Materials and Manufacturing Process Research and Development for Automotive and Heavy Vehicles

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					Materials and Manufacturing Process Research and Development for Automotive and Heavy Vehicles Pacific Northwest National Laboratory April 15, 2008 Mark T. Smith (mark.smith@pnl.gov)

Advanced Vehicle Materials and Manufacturing Technologies

PNNL Collaboration and DOE Funding
DOE Program Offices
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Office of FreedomCAR – Automotive and Heavy Vehicle Materials and Manufacturing Industrial Technology Program (ITP) Office of Hydrogen and Infrastructure Technology

Industry Partners and Collaborators
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USCAR (DaimlerChrysler, Ford, General Motors) Heavy Vehicle OEM’s (Freightliner, PACCAR, International, Volvo, etc) Boeing Tier 1 and 2 automotive and truck suppliers Material suppliers DoD- Army, Air Force, Navy

Universities and National Laboratories

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Vehicle Technologies Organization

Vehicle Technologies
Ed Wall, Program Manager
FreedomCAR & Fuel Partnership
Patrick Davis, Director Chief Scientist Dr. James Eberhardt • Environmental Science and Health Impacts Supervisory Engineer Rogelio Sullivan Supervisory Engineer Steve Goguen

21st Century Truck Partnership
Ken Howden, Director

Hybrid Electric Systems Tien Duong, Team Leader Vehicle Systems & Testing Lee Slezak Energy Storage and Power Electronics Tien Duong Susan Rogers Dave Howell Steve Boyd

Materials Technologies Rogelio Sullivan, Team Leader Lightweight Materials Joe Carpenter Propulsion Materials Jerry Gibbs HTML James Eberhardt

Fuels Technologies Kevin Stork, Team Leader Advanced Petroleum Based Fuels Kevin Stork Non-Petroleum Fuels Dennis Smith Technology Introduction Dana O’Hara Linda Bluestein

Engine and Emission Control Technologies Gurpreet Singh, Team Leader Combustion and Emission Control Ken Howden Heavy Truck Engine Roland Gravel

Waste Heat Recovery John Fairbanks

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U.S. Petroleum Production and Consumption, 1970-2030
22 20 18
Rail U.S. Production Off-Road Marine
Heavy Trucks
Air

Million barrels per day

16 14 12 10 8 6 4 2 0

Light Trucks

Cars

1970 1975 1980 1985 1990 1995 2000 2005 2010 2015 2020 2025 2030
Sources: Transportation Energy Data Book: Edition 26 and projections from the Annual Energy Outlook 2007.
Notes: • The sharp increase in values between 2005 and 2006 are the result of the data change from historical to projected values. • Petroleum production includes crude oil, natural gas plant liquids, refinery gains, and other inputs, which include liquids from gas, liquids from coal, and alcohols, ethers, petroleum product stock withdrawals, domestic sources of blending components, other hydrocarbons, and natural gas converted to liquid fuel.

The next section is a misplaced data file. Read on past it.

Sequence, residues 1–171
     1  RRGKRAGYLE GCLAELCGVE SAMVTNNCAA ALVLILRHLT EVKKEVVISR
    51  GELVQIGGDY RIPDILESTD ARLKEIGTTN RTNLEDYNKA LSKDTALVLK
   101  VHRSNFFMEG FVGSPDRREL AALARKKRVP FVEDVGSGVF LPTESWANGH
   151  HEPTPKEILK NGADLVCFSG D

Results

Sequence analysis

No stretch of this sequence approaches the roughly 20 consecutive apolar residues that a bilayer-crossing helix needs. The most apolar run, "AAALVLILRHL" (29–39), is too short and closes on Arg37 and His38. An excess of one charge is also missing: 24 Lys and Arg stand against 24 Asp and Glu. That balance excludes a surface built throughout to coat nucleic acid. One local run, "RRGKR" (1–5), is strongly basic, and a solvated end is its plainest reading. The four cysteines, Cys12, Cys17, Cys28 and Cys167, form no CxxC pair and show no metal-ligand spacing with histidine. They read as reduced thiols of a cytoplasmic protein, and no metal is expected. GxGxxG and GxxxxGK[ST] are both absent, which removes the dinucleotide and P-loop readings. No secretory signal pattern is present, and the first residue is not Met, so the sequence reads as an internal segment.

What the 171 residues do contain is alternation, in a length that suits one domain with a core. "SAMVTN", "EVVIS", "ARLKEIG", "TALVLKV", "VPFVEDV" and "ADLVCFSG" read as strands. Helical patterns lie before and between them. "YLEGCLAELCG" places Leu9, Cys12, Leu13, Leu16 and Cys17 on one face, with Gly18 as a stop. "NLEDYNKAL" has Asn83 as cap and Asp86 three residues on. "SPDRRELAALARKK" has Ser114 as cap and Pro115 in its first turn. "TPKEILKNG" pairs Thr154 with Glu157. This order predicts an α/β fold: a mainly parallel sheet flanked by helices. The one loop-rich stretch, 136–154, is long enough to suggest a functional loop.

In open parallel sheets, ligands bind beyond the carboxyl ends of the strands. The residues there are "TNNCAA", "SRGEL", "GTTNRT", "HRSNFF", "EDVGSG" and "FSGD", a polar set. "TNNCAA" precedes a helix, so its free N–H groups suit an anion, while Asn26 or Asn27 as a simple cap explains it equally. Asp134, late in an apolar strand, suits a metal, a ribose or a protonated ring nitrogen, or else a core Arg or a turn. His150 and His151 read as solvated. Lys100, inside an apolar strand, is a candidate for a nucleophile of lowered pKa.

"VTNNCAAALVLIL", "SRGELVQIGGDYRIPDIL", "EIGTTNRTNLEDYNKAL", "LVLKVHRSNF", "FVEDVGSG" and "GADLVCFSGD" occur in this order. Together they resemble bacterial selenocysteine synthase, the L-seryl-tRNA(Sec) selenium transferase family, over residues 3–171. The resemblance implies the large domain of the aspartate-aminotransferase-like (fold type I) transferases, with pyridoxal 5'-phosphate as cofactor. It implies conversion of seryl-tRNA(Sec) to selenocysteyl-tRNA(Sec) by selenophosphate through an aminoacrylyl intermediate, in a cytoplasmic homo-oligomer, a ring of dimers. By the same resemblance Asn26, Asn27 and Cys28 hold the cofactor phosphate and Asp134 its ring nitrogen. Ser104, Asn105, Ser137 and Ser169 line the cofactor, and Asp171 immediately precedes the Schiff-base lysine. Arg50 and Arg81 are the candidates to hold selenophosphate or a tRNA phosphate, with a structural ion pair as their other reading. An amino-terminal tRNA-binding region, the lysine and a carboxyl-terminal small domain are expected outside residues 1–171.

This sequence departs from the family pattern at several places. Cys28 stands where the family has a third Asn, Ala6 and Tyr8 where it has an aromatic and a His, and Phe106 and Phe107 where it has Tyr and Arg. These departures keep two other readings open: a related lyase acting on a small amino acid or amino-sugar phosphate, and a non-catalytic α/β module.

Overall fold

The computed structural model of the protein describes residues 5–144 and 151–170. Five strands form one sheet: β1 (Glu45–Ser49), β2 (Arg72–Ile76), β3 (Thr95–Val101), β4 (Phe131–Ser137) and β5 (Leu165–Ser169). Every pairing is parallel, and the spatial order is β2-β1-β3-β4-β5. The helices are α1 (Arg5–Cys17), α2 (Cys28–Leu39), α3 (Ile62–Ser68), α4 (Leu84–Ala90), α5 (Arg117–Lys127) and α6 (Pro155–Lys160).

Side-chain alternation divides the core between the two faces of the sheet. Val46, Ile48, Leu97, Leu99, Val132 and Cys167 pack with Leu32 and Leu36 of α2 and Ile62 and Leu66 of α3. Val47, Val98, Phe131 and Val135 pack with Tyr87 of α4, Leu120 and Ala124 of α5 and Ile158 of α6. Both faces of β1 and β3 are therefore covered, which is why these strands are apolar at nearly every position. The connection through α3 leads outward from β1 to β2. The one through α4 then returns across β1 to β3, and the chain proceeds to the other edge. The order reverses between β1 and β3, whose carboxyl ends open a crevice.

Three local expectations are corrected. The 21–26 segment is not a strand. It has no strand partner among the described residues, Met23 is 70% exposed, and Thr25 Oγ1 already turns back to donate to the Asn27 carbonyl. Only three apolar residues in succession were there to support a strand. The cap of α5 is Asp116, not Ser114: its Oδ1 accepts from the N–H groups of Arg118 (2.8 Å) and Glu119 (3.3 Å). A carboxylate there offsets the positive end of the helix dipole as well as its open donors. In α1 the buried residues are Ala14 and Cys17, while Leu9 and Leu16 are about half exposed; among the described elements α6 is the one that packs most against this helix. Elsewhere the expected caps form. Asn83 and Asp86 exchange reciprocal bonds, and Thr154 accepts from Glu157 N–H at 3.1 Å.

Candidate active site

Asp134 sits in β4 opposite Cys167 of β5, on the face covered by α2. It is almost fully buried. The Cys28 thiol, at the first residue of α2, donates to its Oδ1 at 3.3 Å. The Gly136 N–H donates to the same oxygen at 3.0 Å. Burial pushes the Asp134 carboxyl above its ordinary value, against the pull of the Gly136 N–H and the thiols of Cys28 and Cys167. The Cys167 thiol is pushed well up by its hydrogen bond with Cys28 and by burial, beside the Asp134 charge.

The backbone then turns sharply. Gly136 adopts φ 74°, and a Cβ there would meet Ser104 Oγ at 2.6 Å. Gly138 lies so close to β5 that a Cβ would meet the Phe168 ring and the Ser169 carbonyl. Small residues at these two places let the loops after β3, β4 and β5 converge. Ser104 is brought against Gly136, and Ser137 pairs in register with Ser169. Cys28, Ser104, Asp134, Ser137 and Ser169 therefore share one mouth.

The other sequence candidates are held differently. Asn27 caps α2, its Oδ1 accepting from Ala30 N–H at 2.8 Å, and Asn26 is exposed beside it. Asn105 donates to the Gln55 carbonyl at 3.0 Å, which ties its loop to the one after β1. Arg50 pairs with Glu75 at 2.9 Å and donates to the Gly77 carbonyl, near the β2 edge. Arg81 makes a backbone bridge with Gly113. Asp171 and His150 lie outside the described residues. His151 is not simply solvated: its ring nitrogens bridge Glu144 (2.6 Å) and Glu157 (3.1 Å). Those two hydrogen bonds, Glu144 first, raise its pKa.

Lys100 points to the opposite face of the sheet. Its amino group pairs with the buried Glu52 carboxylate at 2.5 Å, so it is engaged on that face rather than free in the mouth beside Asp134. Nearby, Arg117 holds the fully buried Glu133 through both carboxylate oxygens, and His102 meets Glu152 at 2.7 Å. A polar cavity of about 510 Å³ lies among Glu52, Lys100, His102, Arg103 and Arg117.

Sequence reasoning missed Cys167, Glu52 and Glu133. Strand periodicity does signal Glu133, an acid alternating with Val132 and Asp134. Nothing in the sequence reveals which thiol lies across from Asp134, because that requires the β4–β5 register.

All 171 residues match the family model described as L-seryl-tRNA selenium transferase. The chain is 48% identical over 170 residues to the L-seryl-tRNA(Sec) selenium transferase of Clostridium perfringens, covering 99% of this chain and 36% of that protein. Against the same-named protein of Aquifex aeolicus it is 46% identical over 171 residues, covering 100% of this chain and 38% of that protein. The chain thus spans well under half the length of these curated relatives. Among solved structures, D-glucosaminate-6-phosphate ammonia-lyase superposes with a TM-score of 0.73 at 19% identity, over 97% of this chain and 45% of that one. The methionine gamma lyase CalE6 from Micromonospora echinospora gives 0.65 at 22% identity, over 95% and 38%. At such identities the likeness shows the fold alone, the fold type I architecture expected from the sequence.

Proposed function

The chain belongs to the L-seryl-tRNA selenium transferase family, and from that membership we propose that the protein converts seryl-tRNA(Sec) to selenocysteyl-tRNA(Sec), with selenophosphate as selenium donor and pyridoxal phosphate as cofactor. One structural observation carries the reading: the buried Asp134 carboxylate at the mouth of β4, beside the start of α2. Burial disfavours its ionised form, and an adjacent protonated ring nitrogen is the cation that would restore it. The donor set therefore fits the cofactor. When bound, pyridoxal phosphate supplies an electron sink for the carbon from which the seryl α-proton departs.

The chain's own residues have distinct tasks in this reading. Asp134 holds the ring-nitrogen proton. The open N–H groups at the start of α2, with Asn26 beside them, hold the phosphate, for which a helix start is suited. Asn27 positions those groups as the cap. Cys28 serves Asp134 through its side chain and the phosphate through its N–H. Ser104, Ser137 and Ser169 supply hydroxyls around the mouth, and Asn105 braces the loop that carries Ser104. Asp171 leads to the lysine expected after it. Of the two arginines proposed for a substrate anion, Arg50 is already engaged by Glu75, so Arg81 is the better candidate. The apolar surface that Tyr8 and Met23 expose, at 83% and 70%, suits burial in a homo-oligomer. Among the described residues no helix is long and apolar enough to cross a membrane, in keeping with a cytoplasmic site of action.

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Effect of Automotive Lightweighting
• 6-8% (with mass compounding) increase in fuel

economy for every 10% drop in weight, everything else the same

and/or
• Offset the increased weight and cost per unit of power of alternative powertrains (hybrids, fuel cells) with respect to conventional powertrains

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Light-Duty Vehicle Trends
Adjusted Fuel Economy by Model Year (Three-Year Moving Average) Weight and Performance by Model Year (Three Year Moving Average)

Source: Light Duty Automotive Technology and Fuel Economy Trends: 1975 through 2004, U.S. Environmental Protection Agency, April 2004.
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Lightweight Materials Forming and Manufacturing for Improved Efficiency
Lightweight Glazing Magnesium Alloy Thermoplastic Composites

Metal Matrix Composites
30% weight reduction 50% weight reduction Reduces mass by 60%

Aluminum Tailor Welded Blanks
Powertrain components - 40% weight reduction

Hydroforming

Superplastic Forming

40% weight reduction / 50% reduction in part count
Photo: Courtesy of GKN Aerospace

35% weight reduction / reduction in part count

40% weight reduction / 10 X reduction in part count

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Overview of Fuel Cell Materials Needs
Hydrogen Fuel Delivery System Fuel Cell Exhaust System Storage Battery Package and Controls

Fuel Cell Stack and Containment System

Regenerative Braking Motors and Drive System Heat Exchangers and HVAC Package Electric Propulsion Motor and Power Electronics Hydrogen Storage Tank(s) and Pressure Control System

Hydrogen Fuel Storage Protection System

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Advanced Materials and Manufacturing Technologies for Fuel Efficient Vehicles
Hybrid Materials Structures Electromagnetic Forming Superplastic Forming and Multisheet SPF Metals Formability Low-Cost Titanium Processing Metal Matrix Composites Friction Stir Welding and Processing/Surface Modification Low Cost Carbon Fiber (lignin, hybrid CF-glass) Predictive Modeling of Composite Properties and Performance Aluminum PU/SUV Frame Development
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